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Re: Hammock Camping Digest Number 85

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  • rosaleen43@aol.com
    Hi, Geoflyfisher, Thanks for the response. I have a couple of comments, inserted below. ... ##### I believe most of the silnylon that I ve seen is also
    Message 1 of 3 , Apr 3, 2003
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      Hi, "Geoflyfisher,"

      Thanks for the response.  I have a couple of comments, inserted below.

         From: "geoflyfisher" <geoflyfisher@...>
      Subject: Re: Near Disaster! "Autopsy" Results

      Hi Rosaleen,

      Great points in your post (pun intended ;) )

      The hammock material which failed was uncoated ripstop nylon.  I was
      using a standard sewing machine needle...  not ball point, not
      cutting needle, just sharp...  When I made the bar tack, I had just
      sewn dozens of feet of hook and also loop velcro, which tends to
      cause burrs on the needle occasionally. 

      I believe that ripstop nylon would be less likely to be weakened by
      sewing than silnylon is.  The silicone stablizes the fabric thread
      and may allow it to be cut by a needle when regular woven cloth
      threads would be allowed to be separated by the needle. 

      ##### I believe most of the silnylon that I've seen is also ripstop, but it was a finer denier (thinner) than most polyester or nylon ripstops that I've seen.  I've only done a very little sewing with silnylon, so far.  I really don't know whether to expect the fibers to be pushed aside by either a ball point or woven point needle, if it matters at all, or if we really need the finest, cleanest possible holes, or the optimum spacing to further reduce further weakening, and hope the silicone will stabilize the fabric to stop fraying or other problems.  I would rather not find out the hard way!


      For this reason, silnylon and tyvek may have some inherent weakness
      for the weight supporting part of hammock making which the woven
      ripstop does not. 

      ####### I suspect the main concerns here would be the thickness, leading to the strength of the materials, and whether or not they have weak spots from stitching lines.  If the fabric behaves as if it were perforated, as opposed to sewn , I infer a big problem.   I don't know if Tyvek is spun or woven.  It seems almost pressed, like paper.  We all have seen perforated paper, and what the perforations are for.  I think most fabrics fit either "woven" or "knitted."  So, I think you are trying to distinguish between silnylon and non-silnylon fabrics.  Sport cloth seems to refer to a range of (mostly) nylon fabrics, of varying deniers, coatings or non coatings, etc., in my local fabric shops.  Unfortunately, no one around here seems to carry silnylon, or other materials desirable to the lightweight crowd.  Silnylon comes in different deniers, too.  I'm pretty sure the body and fly of my Hennessy Asym Ultralight is silnylon.  I will have to look closely to see if it is ripstop.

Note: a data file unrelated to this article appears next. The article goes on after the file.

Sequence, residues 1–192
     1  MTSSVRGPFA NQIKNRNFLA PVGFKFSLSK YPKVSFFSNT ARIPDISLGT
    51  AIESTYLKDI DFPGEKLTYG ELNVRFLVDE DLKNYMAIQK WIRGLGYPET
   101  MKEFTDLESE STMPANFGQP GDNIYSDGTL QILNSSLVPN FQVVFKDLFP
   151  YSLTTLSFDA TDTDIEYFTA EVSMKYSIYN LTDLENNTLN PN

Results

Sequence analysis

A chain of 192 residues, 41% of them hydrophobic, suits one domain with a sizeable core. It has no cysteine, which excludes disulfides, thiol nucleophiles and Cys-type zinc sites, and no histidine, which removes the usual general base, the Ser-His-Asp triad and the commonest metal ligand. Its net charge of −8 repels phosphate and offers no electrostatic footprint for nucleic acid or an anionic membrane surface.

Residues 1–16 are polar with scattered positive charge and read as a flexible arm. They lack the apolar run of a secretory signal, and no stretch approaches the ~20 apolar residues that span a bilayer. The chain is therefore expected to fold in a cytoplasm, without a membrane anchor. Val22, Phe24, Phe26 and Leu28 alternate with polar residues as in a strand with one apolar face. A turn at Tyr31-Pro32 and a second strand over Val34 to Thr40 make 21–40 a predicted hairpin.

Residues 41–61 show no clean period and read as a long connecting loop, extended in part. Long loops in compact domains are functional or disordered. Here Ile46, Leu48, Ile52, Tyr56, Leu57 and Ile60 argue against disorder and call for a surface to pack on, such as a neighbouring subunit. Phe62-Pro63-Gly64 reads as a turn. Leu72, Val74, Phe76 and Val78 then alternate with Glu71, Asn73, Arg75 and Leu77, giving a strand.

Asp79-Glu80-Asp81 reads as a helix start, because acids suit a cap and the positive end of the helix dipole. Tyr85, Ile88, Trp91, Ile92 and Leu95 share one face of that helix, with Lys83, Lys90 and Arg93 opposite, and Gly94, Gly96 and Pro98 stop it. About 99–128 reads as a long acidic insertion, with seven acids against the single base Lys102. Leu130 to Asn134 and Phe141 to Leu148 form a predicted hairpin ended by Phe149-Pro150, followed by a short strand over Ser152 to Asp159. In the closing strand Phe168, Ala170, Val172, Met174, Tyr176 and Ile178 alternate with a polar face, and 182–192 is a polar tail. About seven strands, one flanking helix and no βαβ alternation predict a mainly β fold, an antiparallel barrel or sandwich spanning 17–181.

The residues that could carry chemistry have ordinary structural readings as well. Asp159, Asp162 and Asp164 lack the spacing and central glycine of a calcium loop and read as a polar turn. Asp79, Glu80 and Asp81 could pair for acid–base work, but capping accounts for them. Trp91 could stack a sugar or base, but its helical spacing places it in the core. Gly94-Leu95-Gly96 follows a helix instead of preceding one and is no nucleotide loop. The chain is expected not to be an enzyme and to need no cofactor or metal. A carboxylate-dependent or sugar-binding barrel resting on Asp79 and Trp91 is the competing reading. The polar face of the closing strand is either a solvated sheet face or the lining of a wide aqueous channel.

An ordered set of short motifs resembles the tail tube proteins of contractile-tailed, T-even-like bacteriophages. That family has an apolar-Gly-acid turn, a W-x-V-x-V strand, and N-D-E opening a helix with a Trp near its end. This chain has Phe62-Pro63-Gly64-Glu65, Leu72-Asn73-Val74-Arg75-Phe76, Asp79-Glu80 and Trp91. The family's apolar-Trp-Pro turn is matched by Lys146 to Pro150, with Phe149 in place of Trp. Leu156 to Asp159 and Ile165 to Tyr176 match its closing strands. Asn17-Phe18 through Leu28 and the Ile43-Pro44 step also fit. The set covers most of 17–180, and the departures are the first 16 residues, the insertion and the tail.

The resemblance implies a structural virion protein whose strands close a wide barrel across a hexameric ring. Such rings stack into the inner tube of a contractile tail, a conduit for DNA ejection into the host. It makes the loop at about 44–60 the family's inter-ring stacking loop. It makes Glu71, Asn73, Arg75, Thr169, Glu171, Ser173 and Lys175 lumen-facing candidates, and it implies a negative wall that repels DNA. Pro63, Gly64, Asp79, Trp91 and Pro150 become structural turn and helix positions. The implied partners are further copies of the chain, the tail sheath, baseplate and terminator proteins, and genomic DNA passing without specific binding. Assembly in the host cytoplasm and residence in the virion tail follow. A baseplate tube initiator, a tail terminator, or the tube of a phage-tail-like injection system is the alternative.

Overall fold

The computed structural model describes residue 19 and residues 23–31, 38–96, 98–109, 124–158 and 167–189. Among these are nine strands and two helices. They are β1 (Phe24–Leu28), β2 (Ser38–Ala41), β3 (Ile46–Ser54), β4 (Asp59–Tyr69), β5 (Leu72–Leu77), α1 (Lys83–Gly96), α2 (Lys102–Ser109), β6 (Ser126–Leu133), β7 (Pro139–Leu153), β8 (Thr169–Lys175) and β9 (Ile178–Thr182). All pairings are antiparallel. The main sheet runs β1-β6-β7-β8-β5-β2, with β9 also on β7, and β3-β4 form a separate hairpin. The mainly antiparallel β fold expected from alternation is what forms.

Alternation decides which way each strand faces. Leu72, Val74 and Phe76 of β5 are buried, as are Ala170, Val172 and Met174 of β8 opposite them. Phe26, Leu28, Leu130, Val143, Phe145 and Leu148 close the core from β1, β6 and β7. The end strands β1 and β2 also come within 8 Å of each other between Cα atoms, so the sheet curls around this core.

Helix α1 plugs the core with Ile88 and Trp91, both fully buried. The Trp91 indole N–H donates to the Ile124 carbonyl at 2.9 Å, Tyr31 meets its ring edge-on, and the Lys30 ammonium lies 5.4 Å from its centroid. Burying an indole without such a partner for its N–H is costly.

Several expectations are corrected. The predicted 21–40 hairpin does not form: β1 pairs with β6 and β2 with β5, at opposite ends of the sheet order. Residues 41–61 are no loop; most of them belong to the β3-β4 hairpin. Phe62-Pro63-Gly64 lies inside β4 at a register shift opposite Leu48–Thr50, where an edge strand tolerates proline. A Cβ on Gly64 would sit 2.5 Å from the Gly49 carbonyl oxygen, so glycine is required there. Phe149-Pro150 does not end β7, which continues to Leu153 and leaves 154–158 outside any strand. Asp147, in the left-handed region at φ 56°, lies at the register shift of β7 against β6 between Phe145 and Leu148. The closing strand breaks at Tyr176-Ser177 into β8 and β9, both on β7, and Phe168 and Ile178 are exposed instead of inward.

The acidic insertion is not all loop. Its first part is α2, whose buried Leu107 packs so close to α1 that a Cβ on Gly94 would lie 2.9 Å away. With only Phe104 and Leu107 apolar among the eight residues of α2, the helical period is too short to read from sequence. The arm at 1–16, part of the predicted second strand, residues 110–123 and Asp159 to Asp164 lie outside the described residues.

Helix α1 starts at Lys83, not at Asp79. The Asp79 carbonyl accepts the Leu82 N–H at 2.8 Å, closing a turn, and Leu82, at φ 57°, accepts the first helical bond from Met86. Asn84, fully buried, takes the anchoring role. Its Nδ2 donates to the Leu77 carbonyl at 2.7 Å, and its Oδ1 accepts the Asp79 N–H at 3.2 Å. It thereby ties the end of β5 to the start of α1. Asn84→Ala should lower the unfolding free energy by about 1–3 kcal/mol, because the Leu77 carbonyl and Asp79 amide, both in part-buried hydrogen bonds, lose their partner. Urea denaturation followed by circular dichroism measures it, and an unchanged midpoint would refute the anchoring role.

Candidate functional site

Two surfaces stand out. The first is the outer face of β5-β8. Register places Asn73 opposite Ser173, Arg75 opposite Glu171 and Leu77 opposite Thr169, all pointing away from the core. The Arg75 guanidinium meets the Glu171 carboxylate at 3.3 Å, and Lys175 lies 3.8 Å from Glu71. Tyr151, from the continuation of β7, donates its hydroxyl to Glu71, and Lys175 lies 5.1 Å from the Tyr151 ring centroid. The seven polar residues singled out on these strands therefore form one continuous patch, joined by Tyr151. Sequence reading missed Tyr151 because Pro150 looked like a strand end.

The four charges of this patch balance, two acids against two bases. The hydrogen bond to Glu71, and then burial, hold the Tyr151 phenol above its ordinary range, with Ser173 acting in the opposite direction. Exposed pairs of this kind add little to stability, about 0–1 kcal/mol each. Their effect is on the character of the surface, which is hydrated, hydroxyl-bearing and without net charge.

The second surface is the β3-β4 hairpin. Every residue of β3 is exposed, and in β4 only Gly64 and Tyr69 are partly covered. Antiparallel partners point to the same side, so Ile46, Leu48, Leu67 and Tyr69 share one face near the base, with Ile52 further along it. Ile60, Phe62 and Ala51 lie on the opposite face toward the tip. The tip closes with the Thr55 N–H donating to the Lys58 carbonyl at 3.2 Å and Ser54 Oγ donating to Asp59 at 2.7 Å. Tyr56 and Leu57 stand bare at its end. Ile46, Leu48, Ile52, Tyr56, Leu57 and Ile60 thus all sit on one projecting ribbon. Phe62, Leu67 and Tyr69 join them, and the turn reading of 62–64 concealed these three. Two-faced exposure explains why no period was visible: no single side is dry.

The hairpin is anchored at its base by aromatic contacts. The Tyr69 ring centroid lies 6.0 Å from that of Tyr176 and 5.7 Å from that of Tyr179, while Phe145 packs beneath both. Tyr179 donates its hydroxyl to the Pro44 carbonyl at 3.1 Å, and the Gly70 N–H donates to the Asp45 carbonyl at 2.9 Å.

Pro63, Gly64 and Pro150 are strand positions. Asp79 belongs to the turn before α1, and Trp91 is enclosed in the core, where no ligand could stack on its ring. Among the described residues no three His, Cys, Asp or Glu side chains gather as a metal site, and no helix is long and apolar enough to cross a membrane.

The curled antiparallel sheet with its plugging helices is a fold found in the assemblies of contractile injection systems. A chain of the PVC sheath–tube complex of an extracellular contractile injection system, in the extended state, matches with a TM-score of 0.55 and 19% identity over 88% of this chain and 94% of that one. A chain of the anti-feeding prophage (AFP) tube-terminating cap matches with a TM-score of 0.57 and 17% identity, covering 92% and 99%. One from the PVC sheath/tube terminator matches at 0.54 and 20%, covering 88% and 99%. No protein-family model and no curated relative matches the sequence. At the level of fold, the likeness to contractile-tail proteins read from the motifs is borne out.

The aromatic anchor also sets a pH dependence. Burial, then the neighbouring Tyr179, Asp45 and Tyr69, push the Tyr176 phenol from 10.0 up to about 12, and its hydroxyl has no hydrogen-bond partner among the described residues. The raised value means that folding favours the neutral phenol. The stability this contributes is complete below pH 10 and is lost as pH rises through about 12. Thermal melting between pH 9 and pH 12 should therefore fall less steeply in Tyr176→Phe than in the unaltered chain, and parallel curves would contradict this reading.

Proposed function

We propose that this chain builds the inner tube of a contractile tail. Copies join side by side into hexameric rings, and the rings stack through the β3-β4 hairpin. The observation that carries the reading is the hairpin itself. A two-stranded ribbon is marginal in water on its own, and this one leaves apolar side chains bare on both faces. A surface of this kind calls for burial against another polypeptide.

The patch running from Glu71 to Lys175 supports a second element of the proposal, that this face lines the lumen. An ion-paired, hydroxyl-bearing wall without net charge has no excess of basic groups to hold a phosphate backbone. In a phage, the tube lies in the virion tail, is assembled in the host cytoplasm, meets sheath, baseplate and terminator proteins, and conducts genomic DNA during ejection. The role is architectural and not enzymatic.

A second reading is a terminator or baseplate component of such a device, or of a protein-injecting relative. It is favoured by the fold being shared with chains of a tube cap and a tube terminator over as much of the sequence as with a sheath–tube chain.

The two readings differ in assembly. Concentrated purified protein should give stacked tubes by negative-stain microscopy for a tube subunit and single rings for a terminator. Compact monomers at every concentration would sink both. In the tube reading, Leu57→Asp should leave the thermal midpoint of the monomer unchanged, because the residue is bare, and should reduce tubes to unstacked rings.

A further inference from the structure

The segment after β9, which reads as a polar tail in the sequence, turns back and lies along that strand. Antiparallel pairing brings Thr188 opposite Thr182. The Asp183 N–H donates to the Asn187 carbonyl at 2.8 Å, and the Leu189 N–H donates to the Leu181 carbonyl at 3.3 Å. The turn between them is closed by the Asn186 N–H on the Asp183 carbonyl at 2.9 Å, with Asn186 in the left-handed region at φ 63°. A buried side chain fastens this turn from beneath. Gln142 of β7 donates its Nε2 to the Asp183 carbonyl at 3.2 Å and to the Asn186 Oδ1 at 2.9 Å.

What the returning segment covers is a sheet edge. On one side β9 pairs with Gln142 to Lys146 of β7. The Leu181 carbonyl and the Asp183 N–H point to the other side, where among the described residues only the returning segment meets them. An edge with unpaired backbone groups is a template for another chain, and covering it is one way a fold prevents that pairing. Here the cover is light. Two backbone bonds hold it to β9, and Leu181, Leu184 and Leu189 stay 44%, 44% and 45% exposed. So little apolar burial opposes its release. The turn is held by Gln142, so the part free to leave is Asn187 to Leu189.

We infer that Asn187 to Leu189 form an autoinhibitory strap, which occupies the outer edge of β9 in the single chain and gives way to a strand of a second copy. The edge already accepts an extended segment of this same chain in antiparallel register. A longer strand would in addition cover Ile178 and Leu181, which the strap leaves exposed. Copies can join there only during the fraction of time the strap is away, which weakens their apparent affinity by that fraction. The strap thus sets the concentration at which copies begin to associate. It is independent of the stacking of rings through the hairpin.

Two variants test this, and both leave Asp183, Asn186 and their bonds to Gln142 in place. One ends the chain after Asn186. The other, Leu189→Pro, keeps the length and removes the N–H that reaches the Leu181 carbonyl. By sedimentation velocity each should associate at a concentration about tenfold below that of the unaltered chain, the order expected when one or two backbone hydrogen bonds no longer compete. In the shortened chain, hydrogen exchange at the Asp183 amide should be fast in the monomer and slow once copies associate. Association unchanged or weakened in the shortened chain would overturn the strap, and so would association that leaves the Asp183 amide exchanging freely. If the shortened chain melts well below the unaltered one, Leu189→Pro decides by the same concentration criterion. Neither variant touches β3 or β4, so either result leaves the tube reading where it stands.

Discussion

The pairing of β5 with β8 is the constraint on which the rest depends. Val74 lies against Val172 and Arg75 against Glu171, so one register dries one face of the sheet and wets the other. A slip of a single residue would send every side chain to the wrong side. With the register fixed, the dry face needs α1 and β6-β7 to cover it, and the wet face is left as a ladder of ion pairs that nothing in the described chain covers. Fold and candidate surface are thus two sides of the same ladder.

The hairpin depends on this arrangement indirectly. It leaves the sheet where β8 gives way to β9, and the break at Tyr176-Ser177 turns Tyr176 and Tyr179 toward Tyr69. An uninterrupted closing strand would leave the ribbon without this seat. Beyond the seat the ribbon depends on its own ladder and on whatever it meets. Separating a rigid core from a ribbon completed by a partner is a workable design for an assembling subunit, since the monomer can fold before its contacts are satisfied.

I pointed out what I did to allow others to avoid over sewing the
      velcro at such a vulnerable location.  As Ed Speer noted, it is
      likely the many needle punctures of the material which caused
      weakness instead of strength.

      I picked that up before, and think it is a good point to keep in mind.  Maybe save bartacks for flexible, stretchable materials like denim for jeans? 

      Cheers,

      Rosaleen

    • geoflyfisher
      Good morning to all who are reading the thread on needle holes. Rosaleen and I have traded notes under several topic names, this one may be more descriptive.
      Message 2 of 3 , Apr 3, 2003
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        Good morning to all who are reading the thread on needle holes.
        Rosaleen and I have traded notes under several topic names, this one
        may be more descriptive.

        The underlying fabric in silnylon is ripstop. But with the silicone
        in it the stuff does not act much like ripstop. It is really strong
        for its weight. However, when the edge of silnylon is cut with a
        pair of scissors, it does not fray at all. AT ALL!

        The holes made by seams I have removed in silnylon look just like
        paper perforations... just like tyveck. BTW, the tyveck does look
        like it is pressed fiber, like paper. It is not woven. Some tyveck
        (like that used in envelopes) has a tendency to separate in one
        direction, so I presume the fibers in the mat are oriented mostly in
        a direction parallel to those tears.

        <>< aka Flyfisher aka geoflyfisher aka Rick aka radiohiker

        --- In hammockcamping@yahoogroups.com, rosaleen43@a... wrote:
        > Hi, "Geoflyfisher,"
        >
        > Thanks for the response. I have a couple of comments, inserted
        below.
        > >
        > > From: "geoflyfisher" <geoflyfisher@y...>
        > > Subject: Re: Near Disaster! "Autopsy" Results
        > >
        > > Hi Rosaleen,
        > >
        > > Great points in your post (pun intended ;) )
        > >